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dc.contributor.advisorChetty, Naven.
dc.creatorGovindasamy, Tamara Rosemary.
dc.date.accessioned2020-04-22T14:15:16Z
dc.date.available2020-04-22T14:15:16Z
dc.date.created2019
dc.date.issued2019
dc.identifier.urihttps://researchspace.ukzn.ac.za/handle/10413/18250
dc.descriptionDoctoral Degree. University of KwaZulu-Natal, Pietermaritzburg.en_US
dc.description.abstractSouth Africa is considered one of the most developed countries in Africa, however with more than 80% of its electricity being generated from coal, this country is considered one of the highest contributors to greenhouse gas emission throughout the continent. The impacts of this fossil fuel dependency are prominent in the environmental degradation experienced - climate change conditions as well as the current state of emergency faced by the national power utility, ESKOM. While provisions such as load shedding are being made to avoid the country from facing blackout, the consequences of these resolves significantly influence the economy of the country. Although the cost of applicable renewable energy technologies has decreased considerably over the past few years, South Africa continues to lag in the adoption of renewable energy systems in a global comparison. Most applications of potential solar renewable energy systems are currently in the investigation stages, leaving this readily accessible resource's capacity idle. This makes research in solar renewable energy highly significant with regards to progressing the country's uptake of green energy technologies. Our study proposes linear and non-linear analysis of multivariate models for the estimation of global solar radiation (GSR) received across five major cities in South Africa. The significance of this study is to allow for effective GSR estimation in the application of solar technologies, while increasing implementation of these alternatives. Measured quantities such as sunshine duration and solar radiation for certain regions are limited due to the expensive equipment required and maintenance thereof. Local meteorological sources are unable to provide historic data which is complete, as these quantities are scarcely quantified. The dependency of GSR on meteorological variables such as air temperature, relative humidity and relative sunshine duration was evaluated for the period January 2007 - June 2018 to realize estimation models for each of the study sites. The Hargreaves-Samani and Angstrom-Prescott empirical models served as the foundation for our single variable analysis of GSR reliance on each meteorological parameter and their relative variations. Our results have indicated that our proposed multivariate, non-linear equations perform better than the empirical models as well as single variable, linear regression equations. Our suggested models are site-specific and demonstrate a strong correlation to historic GSR values with low, acceptable error indicators. Further to this, we have recognized that second and third-order relationships between H/Ho and multiple meteorological variables provide a more accurate description of GSR for most of the cities under study. This analysis could potentially contribute significantly to the investigation of solar radiation alternatives and photovoltaic (PV) technologies in South Africa. We believe that integration of estimation models within the design and installation stages of PV technologies will be largely beneficial in ensuring their optimum intake. The models discussed in this study verify the reliability and accuracy of GSR estimation through readily accessible meteorological factors in a cost-effective manner.en_US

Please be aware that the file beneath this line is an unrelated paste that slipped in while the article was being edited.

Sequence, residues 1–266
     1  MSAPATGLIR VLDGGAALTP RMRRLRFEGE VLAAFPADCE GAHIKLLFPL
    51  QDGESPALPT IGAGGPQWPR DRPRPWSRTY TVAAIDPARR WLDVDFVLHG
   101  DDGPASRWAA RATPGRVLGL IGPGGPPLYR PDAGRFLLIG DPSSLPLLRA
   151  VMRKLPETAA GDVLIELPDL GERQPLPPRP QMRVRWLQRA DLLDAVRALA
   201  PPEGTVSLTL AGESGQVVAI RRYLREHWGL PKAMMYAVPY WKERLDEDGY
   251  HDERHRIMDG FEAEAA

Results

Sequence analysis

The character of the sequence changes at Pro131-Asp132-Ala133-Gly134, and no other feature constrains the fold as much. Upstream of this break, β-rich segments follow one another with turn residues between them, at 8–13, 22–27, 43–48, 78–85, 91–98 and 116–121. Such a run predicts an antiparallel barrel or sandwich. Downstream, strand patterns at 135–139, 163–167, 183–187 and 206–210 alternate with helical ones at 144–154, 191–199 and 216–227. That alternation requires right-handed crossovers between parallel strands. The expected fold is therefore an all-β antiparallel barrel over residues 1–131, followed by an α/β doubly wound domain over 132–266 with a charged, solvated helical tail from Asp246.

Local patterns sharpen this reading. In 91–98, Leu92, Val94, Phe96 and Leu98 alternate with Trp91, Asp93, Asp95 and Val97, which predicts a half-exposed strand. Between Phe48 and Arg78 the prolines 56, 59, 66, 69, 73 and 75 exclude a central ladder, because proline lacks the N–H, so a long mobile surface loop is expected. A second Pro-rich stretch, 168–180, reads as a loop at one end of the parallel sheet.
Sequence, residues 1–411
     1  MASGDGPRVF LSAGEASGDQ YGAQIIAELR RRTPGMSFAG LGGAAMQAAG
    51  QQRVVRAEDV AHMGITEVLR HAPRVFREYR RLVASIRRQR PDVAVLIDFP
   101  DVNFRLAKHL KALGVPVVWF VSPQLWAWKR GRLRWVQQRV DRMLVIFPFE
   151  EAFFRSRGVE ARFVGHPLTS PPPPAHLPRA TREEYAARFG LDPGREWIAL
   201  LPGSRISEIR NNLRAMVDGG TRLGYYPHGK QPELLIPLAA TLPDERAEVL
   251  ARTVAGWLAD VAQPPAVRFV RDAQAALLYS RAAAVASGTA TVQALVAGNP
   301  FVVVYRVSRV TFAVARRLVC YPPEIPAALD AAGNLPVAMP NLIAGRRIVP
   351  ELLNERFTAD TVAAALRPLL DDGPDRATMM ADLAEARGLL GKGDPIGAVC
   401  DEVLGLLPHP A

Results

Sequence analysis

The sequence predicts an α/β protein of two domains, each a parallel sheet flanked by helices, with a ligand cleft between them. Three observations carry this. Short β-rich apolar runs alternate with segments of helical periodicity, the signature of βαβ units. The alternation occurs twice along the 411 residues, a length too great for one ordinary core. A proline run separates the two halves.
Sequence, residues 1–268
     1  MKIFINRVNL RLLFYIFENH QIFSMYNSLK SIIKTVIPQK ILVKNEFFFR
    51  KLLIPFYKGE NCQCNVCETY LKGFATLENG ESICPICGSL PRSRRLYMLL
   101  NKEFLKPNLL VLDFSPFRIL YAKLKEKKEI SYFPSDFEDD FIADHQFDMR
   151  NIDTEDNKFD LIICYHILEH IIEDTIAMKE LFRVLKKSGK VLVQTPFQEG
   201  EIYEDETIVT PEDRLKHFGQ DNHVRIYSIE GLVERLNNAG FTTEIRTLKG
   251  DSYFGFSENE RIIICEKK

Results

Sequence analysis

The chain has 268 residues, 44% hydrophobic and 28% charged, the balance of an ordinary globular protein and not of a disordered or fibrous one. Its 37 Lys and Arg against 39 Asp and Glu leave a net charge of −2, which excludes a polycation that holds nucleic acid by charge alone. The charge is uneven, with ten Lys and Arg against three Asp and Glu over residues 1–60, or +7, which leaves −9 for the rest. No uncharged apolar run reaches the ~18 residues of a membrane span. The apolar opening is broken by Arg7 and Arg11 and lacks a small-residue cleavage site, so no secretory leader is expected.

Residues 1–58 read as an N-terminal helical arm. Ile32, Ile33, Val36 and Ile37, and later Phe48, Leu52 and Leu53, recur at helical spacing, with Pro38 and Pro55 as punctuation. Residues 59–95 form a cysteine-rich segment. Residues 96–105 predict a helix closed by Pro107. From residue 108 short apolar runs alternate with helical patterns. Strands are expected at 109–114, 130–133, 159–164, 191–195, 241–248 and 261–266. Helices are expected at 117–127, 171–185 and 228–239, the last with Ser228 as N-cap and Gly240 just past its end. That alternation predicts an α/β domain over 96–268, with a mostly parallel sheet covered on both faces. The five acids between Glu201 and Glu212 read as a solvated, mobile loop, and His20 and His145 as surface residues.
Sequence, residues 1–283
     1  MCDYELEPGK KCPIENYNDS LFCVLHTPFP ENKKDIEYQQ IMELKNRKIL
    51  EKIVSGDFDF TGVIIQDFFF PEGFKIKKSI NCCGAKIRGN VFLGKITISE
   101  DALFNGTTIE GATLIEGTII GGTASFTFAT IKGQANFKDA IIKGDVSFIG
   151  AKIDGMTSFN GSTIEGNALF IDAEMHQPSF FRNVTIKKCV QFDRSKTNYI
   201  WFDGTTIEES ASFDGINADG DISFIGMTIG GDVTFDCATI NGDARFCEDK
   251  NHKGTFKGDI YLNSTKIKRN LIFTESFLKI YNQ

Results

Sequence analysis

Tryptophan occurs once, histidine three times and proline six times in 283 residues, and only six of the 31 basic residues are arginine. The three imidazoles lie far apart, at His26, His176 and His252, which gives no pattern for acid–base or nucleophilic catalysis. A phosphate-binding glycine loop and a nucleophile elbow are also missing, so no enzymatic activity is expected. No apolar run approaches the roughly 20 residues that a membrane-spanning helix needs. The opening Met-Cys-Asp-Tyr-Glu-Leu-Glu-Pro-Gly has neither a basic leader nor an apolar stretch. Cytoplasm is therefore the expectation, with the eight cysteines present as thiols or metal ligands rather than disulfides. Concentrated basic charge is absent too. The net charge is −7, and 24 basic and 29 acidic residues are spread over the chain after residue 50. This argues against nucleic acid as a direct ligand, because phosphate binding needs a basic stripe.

dc.language.isoenen_US
dc.subject.otherRenewable energy.en_US
dc.subject.otherSolar energy.en_US
dc.subject.otherSolar radiation.en_US
dc.titleNon-linear multivariate analysis of the global solar radiation received across five cities in South Africa.en_US
dc.typeThesisen_US


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